Why should sports matter in society?


Boston Herald

Recently, I wrote my latest post on the validity of offensive and goaltending point shares in hockey. As always, I hope you all enjoyed reading it. It was a post I have been planning all week, just like any other week since I have started this blog. Also like any other week, I have been hoping to finish every post on a Sunday or a Monday, depending on how little work I get done on Sunday because of my consistent lack of professionalism how much I care about the quality of my work. However, I could not help but feel very queezy posting last week’s piece.

See, this wasn’t any Monday night that I finished writing my piece. This was THAT Monday night. This was a Monday night where over 170 people’s lives will never be the same. A night where a city and a nation will never be the same. Sure, I did not do anything wrong, but I felt like I had a complete lack of decency for what I did. Because of how I was feeling, I needed to look at my twitter feed to make sure that what I did last night was not inappropriate. Thankfully, it wasn’t the case as others were writing sports columns and blog posts as well. When news broke out of two bomb explosions occurring at the finish line of the Boston Marathon, Americans were not able to function normally as eyes were too fixated on the developments ahead. And then, Friday arrived. That was the day the manhunt for the marathon bombing suspects happened as a vibrant city turned into a frightened ghost town. Long time residents of the Washington DC area could not help but relate.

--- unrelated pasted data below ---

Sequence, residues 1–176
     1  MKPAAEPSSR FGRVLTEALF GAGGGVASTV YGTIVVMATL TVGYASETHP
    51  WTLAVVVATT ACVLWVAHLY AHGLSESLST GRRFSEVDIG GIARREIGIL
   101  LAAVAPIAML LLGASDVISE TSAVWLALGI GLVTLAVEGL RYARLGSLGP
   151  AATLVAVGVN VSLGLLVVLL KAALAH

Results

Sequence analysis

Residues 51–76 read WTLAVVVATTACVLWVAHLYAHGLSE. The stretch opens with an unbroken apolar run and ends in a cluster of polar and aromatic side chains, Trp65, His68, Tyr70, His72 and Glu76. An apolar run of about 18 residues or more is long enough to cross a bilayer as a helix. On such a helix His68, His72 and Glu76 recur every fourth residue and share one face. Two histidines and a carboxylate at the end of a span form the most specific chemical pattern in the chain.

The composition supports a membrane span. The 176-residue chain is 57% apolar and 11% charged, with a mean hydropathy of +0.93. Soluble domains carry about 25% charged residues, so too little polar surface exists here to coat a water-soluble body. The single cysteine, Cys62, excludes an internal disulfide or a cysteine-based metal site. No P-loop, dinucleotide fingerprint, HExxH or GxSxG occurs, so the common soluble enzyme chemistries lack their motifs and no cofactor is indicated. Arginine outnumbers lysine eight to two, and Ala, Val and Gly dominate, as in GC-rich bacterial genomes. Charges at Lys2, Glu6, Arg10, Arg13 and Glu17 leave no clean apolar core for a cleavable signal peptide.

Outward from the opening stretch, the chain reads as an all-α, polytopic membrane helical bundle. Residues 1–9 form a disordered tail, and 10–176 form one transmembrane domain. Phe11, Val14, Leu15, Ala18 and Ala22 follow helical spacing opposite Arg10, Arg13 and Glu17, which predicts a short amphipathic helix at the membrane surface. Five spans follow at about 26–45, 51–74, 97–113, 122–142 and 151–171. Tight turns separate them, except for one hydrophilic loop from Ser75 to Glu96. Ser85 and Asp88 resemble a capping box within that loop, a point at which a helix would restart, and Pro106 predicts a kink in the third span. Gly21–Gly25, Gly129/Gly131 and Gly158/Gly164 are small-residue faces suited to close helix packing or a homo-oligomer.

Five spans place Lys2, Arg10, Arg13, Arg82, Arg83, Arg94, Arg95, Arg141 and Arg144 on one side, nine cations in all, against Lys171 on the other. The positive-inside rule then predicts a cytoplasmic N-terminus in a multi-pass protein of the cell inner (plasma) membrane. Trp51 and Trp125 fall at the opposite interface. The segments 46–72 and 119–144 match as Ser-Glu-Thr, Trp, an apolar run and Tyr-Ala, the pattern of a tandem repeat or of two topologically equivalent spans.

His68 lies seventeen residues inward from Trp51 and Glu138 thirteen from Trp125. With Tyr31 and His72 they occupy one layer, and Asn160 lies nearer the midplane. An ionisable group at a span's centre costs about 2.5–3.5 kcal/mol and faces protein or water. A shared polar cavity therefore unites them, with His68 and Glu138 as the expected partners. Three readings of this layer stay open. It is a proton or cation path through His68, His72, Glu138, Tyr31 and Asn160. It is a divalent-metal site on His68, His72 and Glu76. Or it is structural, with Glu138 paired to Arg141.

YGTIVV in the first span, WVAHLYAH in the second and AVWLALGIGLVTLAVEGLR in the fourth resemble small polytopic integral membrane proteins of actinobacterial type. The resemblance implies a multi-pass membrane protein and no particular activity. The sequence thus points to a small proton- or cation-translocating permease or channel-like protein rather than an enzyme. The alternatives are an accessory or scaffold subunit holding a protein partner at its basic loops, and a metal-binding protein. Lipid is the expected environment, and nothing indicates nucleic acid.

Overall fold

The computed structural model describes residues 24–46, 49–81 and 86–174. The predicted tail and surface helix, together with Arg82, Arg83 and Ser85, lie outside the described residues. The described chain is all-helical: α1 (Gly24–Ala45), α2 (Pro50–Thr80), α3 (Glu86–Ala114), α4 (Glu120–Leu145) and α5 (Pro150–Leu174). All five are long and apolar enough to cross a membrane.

But when that all died down, our nation had to find a way to wake up from this horrible that was last week (let’s not ignore that horrible explosion at the fertilizer plant in West, Texas). That was where sports came in. What makes writing today’s post so saddening was this entire week started with a tragedy at…a sporting event. Since September 11th, 2001, we all prepared for the worst in the sporting world. What would happen if a terrorist attack were to happen at the Super Bowl? How about an NCAA basketball game or a baseball game? Years later, who would have guessed it would happen at a marathon? Weird activity has happened in a marathon before. Remember that protestor from the 2004 Olympic men’s marathon? That moment was just treated as comedic material as the runner harmed, Vanderlei de Lima of Brazil, still found a way to win the bronze medal (he was leading the race, but still).